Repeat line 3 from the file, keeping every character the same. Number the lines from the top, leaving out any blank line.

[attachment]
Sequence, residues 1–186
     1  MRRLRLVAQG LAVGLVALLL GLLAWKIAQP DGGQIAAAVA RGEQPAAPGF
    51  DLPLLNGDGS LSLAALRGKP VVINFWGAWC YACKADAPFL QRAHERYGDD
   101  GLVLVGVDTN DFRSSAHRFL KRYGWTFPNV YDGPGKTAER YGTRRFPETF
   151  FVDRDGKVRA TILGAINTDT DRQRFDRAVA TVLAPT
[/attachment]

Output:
    51  DLPLLNGDGS LSLAALRGKP VVINFWGAWC YACKADAPFL QRAHERYGDD